Title: Attention Deficit
Label: Interscope/Allido Records
Formats: CD, CD (clean ed.), LP, MP3
Catalog No.: B001322902
Release date: September 8, 2009
For years the D.C., Maryland and Virginia region, popularly known as the DMV, struggled to secure a strong presence in the hip-hop game. Music from this region had historically been rooted in the go-go sound, a funky mix of drums and horns made known by bands such as UCB and E.U. The DMV’s only relatively strong voice in hip-hop belonged to the ‘90’s femcee Nonchalant, and her conscious hit “5 O’clock.” Fortunately a young Nigerian-American has become the new face of the DMV’s rising, and the region is poised to reclaim a spot in the hip hop industry.
After five mixtapes, two videos and tons of buzz—including BET’s “Rising Icons”—Wale Folarin dropped his debut album, Attention Deficit, on September 8, 2009. Fans hurried to cop the full LP, singing its praises via Twitter, eventually hailing the album an official trending topic. From the jump, Wale’s signature go-go sound welcomes listeners to familiar ground with the intro track “Triumph,” one of the few feature-less tracks on the album. Some could say the presence of features is a little much, especially Gucci’s appearance on the still infectious “Pretty Girls,” but they tend to work everywhere else. Whether Wale is trading bars with Bun B on “Mirrors,” or bringing to light the errors of a relationship in the personal “Diary” alongside neo-soul great Marsha Ambrosius, he holds his own in lyrical wordplay.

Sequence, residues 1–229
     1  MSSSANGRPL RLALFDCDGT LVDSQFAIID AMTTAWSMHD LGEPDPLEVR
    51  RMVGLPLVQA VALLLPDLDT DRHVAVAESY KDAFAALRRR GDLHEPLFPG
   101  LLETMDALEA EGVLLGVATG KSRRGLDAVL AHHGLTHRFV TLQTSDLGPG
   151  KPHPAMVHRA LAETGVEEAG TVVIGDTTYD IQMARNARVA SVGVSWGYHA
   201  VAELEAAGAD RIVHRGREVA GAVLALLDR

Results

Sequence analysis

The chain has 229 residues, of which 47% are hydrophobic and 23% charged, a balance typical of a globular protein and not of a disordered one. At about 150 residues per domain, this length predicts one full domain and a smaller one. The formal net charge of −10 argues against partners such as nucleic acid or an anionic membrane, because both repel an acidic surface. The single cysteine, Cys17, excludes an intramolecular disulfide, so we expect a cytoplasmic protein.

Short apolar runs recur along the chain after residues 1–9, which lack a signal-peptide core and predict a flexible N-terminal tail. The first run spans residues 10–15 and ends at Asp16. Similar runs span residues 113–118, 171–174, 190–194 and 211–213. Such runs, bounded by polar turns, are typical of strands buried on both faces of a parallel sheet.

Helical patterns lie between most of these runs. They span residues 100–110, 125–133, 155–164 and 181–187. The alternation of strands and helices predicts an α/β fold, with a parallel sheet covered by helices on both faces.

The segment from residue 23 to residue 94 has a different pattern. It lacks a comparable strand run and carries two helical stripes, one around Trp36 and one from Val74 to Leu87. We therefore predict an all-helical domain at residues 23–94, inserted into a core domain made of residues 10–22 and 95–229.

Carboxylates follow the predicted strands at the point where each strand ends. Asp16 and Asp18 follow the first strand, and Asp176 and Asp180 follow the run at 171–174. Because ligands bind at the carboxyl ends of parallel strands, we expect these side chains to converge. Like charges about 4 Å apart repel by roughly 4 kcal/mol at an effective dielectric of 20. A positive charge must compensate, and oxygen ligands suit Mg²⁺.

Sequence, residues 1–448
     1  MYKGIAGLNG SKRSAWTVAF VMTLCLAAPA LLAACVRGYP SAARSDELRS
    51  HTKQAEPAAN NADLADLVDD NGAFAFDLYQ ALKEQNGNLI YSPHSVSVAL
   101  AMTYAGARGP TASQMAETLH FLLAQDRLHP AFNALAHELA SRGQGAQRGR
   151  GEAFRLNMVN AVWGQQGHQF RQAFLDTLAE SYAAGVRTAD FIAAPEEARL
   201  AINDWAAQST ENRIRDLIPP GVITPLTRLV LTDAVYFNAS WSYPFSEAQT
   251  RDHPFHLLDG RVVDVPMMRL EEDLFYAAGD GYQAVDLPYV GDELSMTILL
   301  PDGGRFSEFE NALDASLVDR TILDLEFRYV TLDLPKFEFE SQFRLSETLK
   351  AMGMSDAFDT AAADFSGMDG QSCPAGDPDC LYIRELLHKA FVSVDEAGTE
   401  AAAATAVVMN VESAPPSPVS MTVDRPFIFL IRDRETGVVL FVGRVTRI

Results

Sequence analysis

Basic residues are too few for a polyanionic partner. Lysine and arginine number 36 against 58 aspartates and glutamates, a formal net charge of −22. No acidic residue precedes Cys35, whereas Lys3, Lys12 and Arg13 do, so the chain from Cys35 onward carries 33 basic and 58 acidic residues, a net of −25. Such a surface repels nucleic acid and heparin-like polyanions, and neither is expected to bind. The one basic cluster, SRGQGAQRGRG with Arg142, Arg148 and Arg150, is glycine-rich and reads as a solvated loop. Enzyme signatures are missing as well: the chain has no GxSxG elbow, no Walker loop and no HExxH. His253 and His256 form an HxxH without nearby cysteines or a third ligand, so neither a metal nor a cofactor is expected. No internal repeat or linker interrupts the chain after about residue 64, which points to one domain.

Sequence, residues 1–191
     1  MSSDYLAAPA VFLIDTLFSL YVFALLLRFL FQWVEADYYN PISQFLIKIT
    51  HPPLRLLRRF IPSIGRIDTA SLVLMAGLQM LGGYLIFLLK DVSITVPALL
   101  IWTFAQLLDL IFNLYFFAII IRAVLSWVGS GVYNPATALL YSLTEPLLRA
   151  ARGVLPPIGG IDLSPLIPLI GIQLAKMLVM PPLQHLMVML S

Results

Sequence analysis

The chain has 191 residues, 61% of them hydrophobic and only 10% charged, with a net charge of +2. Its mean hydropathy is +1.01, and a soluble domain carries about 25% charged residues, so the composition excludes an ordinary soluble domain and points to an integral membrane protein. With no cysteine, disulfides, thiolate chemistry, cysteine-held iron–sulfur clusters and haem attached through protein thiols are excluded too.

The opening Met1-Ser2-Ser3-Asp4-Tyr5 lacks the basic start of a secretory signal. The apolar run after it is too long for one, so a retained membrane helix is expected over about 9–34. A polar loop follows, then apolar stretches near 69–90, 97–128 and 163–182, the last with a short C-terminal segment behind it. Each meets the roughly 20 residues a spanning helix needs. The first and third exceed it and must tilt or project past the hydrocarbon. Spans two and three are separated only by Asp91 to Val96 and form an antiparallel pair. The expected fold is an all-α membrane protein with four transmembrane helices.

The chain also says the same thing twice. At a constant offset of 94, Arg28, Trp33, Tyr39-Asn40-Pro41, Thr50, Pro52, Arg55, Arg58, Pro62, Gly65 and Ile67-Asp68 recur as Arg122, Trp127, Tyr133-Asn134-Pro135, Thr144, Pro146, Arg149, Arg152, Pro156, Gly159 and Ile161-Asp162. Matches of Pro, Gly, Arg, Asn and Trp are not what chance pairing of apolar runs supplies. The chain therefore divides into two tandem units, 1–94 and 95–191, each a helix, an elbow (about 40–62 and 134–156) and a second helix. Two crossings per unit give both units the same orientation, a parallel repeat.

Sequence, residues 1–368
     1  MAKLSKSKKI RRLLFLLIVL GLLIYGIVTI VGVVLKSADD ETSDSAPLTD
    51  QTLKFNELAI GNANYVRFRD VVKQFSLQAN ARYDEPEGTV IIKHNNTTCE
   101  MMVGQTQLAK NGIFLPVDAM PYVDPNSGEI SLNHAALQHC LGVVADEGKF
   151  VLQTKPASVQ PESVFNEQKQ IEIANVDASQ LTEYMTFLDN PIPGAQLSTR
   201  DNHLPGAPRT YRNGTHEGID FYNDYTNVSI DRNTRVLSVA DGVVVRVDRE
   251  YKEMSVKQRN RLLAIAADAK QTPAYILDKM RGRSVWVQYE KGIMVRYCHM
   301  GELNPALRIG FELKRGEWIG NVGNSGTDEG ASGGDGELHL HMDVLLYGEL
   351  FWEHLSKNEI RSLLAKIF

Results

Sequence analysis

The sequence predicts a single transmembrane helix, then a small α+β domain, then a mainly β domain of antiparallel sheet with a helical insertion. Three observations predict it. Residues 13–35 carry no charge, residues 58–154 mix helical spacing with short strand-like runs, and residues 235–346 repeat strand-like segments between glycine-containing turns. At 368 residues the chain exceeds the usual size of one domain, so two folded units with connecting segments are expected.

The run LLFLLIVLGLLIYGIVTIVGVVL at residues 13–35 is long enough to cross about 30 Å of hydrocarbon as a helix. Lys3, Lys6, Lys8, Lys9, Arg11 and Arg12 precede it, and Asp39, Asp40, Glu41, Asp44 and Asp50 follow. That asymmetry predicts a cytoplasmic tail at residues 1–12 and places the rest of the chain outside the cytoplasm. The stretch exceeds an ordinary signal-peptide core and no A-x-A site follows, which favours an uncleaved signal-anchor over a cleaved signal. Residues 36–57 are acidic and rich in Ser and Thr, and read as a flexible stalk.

In this interview conducted during a London tour, Wale talks about his album, Nigerian heritage, skin shades, and other topics addressed in his songs (courtesy SoulCulture Media):
There’s a little bit of everything for everybody on Wale’s strong debut. Pharrell aids on the Neptune-produced club joint “Inhibitions (Let It Loose),” while “Shades” is a “The Kramer”-esque retrospective of love and race in today’s society. The perfectly sampled “Contemplate” (which uses Rihanna’s “Question Existing”) creeps with an edge of hesitation toward fame with mentions of Heath Ledger and Frankie Lymon. True hip-hop heads will go bonkers for the K’naan featured “TV in the Radio.” And even the first single “Chillin'” featuring a lazy Lady Gaga, has a little reworking and fits well with the presented collection. All in all, the album is a solid effort to plant both feet in the door. Hopefully Wale “Mr.-Never-Wear-the-Same-Thing” Folarin is but one of many DMV lyricists to come. Be sure to check both iTunes and/or Zune for exclusive bonus tracks.
Reviewed by Lorin Williams